Creating a Schoenstatt presence at the Marquette University… and that's only the starting point
As Team 7 leaves early December, Team 8 of "Operation Mario" in Milwaukee is preparing to continue
USA, Milwaukee, Marge Fenelon. On December 8, Schoenstatt families from Milwaukee, Fathers, and Sisters, and students of Marquette University, Milwaukee, with meet with some Chilean students for a Farewell Mass and party for two young men from Chile who will return after spending a semester at Marquette University – not first of all to study but to create and widen a Schoenstatt presence there, forming groups and more. While they were preparing to leave, the first member of the next team arrived on November 12 to begin the transition process between Team 7 and Team 8. This is about "Operation Mario" and a special alliance between the Schoenstatt family of USA and Chile.
Eugenio arrived in Milwaukee on November 12 to begin the transition process between Team 7 and 8 of "Operation Mario". He's been working closely with Team 7 and the Operation Mario families, learning all he can in a very short period of time in order to assure the success of the coming semester. Next to Eugenio Garcés, two other young men will soon be working in Milwaukee: Carles Gaju and Andrés Donoso.
What is Operation Mario?
Named after Chilean Schoenstatt hero Mario Hiriart, who worked tirelessly with the youth in spite of the cancer that ended his life prematurely, Operation Mario is an alliance between the Schoenstatt Family in the United States and Chile. The objective is to build a dynamic, international youth that will become the engine to propel the movement into greater growth and vitality. Each semester, a team of three Chilean young men is chosen for their integrity, spirituality, leadership skills, and Schoenstatt knowledge. All in their mid-twenties, they have completed their college degrees and are either already in or prepared to enter, their chosen career. They pledge their lives to Operation Mario, stalling all personal goals. After a period of special training, the team travels from Chile to Milwaukee, where they live on the Marquette University campus. They audit a class or two, and spend the semester working fervently with the male students to spread Schoenstatt spirituality and form lasting groups that will become an essential part of the movement’s foundation. They freely agree not to date during their term here. They keep an ardent prayer life, meeting as community each morning and night in their homeshrine, "Living Cenacle; Chalice for the World." The team relies on the generosity of the local Schoenstatt Family for apartment rental, living expenses, and transportation. In return, they give their dedicated service to the Schoenstatt Family in the United States and the building of the Marian Father Kingdom.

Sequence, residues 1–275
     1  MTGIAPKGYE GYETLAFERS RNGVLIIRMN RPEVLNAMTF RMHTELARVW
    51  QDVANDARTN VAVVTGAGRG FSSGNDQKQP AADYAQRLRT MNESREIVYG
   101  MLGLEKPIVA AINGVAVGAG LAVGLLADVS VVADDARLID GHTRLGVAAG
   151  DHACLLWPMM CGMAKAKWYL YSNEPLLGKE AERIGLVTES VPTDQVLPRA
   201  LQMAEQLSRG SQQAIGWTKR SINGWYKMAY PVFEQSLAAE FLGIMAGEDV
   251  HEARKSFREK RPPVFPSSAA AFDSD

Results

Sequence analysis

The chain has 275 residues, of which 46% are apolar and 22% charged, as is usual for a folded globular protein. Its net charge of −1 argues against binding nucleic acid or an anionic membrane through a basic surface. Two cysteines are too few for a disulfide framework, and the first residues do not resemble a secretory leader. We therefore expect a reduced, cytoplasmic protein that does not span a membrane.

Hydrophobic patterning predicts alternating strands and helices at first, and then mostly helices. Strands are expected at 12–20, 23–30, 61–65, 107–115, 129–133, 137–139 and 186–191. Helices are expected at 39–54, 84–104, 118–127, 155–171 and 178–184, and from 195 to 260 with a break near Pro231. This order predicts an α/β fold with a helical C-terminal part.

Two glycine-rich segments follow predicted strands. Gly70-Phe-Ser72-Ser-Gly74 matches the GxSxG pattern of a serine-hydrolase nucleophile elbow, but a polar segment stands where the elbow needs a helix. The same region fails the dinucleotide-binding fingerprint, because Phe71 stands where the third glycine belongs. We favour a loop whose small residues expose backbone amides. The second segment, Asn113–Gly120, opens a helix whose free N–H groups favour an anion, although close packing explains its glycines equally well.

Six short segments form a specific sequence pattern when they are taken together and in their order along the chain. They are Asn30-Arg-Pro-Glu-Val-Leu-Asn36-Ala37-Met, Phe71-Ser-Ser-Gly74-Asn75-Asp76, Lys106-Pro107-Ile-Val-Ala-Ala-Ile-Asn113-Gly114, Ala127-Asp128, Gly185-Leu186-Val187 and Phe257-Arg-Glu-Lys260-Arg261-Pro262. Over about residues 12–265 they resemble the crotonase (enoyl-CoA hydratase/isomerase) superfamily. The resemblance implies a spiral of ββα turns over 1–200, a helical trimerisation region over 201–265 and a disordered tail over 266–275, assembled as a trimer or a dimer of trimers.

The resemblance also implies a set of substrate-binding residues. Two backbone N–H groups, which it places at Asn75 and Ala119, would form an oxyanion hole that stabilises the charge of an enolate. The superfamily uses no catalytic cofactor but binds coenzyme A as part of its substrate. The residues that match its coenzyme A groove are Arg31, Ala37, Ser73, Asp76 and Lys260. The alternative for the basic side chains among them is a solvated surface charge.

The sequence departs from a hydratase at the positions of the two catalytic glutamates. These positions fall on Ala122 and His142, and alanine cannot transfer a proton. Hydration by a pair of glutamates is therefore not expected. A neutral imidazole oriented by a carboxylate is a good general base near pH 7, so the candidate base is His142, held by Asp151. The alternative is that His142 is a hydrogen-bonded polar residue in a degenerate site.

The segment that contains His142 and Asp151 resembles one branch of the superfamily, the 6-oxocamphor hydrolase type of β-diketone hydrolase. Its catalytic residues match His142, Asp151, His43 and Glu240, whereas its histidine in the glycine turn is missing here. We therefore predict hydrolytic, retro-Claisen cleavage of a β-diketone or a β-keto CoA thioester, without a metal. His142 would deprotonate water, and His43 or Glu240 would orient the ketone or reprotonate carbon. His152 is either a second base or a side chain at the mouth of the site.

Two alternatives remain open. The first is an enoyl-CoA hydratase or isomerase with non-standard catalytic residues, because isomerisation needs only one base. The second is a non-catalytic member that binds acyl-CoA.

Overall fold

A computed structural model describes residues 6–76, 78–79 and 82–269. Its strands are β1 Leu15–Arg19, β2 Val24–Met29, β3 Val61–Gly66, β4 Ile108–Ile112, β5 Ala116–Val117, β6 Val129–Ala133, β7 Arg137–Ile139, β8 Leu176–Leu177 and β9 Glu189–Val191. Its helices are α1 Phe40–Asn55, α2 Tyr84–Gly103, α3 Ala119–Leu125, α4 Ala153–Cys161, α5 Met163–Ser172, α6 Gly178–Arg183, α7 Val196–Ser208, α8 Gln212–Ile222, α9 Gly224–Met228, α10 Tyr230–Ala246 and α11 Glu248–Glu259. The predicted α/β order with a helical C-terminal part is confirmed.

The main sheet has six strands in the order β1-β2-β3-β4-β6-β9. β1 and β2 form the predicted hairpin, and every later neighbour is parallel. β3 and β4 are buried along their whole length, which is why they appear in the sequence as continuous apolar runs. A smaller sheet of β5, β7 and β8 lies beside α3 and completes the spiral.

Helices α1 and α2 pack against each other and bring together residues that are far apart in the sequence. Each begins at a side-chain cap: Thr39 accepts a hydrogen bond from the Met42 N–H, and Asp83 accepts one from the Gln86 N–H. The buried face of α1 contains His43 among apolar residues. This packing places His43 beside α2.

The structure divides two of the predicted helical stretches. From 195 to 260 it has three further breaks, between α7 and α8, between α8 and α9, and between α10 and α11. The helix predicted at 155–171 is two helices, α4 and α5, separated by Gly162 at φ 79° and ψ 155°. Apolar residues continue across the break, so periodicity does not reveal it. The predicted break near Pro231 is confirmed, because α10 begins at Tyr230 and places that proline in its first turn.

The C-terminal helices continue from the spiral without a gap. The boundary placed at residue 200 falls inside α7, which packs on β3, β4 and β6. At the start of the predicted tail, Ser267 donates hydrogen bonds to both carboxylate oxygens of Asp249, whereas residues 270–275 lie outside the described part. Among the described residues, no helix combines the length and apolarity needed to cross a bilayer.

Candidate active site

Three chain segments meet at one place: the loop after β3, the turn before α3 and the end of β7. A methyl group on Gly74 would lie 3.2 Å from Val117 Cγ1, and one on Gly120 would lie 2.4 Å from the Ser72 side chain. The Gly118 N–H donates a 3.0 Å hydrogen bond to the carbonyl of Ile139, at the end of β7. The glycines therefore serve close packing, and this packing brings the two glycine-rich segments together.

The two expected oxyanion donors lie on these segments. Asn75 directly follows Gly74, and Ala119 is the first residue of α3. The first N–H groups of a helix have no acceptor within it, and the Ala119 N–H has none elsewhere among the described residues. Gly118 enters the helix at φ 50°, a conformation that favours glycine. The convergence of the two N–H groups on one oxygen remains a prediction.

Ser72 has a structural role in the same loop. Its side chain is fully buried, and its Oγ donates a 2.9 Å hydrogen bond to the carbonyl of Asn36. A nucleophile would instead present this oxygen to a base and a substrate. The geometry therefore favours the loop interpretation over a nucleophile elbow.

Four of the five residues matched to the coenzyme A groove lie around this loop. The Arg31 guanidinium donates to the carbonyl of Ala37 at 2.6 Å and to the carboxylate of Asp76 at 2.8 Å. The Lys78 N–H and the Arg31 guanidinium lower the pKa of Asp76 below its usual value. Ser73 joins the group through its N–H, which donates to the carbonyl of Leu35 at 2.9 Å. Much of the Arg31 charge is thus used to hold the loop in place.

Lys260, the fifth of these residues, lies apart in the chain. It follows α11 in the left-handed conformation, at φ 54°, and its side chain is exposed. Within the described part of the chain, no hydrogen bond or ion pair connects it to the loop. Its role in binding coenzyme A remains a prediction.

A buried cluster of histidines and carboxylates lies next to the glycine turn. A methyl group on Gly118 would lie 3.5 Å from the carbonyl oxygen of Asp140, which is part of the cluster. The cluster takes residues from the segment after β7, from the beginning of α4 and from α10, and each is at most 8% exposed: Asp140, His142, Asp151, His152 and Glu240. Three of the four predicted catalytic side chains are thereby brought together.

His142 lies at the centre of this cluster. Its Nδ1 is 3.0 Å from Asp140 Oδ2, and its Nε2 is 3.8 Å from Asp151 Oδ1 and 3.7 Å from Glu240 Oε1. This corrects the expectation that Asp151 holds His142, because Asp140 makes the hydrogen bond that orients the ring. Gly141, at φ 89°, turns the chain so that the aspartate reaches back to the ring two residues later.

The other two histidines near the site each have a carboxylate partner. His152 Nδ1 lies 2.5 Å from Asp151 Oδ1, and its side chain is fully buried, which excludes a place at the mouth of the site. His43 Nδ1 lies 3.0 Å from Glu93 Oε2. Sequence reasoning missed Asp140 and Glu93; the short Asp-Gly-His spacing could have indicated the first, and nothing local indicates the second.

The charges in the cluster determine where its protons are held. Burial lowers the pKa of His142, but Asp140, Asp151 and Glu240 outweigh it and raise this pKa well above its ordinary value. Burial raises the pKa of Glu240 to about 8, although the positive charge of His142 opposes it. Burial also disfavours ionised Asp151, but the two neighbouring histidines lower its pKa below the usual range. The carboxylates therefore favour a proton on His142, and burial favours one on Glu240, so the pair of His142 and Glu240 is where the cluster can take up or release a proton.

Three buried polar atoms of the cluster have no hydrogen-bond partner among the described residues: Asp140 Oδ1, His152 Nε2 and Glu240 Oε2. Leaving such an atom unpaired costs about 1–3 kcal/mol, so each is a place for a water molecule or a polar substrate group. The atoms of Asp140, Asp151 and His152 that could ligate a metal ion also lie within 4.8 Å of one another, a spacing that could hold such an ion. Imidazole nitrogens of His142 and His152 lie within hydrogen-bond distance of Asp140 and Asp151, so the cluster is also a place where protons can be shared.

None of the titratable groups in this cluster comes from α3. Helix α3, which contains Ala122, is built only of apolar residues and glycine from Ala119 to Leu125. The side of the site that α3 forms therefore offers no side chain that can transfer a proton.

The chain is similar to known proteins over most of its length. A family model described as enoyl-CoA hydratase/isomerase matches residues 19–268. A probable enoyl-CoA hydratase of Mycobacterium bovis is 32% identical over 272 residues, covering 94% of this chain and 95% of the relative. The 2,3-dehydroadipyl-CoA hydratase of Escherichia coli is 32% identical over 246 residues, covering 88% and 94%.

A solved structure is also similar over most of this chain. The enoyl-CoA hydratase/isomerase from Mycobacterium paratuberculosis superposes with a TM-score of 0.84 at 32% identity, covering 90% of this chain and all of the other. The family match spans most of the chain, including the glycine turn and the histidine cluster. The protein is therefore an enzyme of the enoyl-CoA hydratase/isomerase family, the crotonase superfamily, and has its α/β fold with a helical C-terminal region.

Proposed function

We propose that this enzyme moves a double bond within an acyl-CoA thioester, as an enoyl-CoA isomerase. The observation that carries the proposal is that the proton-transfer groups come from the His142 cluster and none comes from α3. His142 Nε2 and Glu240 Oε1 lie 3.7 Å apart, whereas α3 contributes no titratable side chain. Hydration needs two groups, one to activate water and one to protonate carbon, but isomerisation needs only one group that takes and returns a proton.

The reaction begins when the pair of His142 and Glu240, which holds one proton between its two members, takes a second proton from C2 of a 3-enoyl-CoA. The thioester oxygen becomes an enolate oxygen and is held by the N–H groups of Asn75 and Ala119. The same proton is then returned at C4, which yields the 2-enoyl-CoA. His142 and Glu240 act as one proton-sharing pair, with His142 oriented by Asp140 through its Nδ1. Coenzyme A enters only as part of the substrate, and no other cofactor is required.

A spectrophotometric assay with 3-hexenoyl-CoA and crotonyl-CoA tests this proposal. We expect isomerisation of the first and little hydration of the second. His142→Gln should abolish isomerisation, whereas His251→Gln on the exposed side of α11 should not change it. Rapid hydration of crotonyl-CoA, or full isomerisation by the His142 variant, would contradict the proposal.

The goal: to form a dynamic college-age Schoenstatt youth in the United States
Since its inception in 1999, fifteen young Chilean men have sacrificed their personal goals to serve Operation Mario, and the three more are now preparing to from Team 8. The work wasn’t easy, but their determination and dedication far outweighed the difficulty of the task. Team Six formed a group of six young men. Together with Benjamin Wilkinson, who joined Schoenstatt during Team Two’s mission, and Michael Yank, who’s been in the movement for some time, they’ve been involved in spiritual workshops and weekly meetings at the Operation Mario apartment as well as an overnight retreat at the International Schoenstatt Center in Waukesha. By semester’s end, four of them were preparing to make their Covenant of Love. Considering the prominence of the Culture of Death in our society, this is a very promising beginning.
Recently, a closer relationship was formed between the Chilean missionaries and the local Schoenstatt family who assumed responsibility for the outcome of Operation Mario. Their shared dream is to form a dynamic college-age youth in the United States that will be the energy of the Schoenstatt Movement in building the Marian Father Kingdom.
Team Seven review: to share our Catholic Faith and Schoenstatt experience with the youth of Milwaukee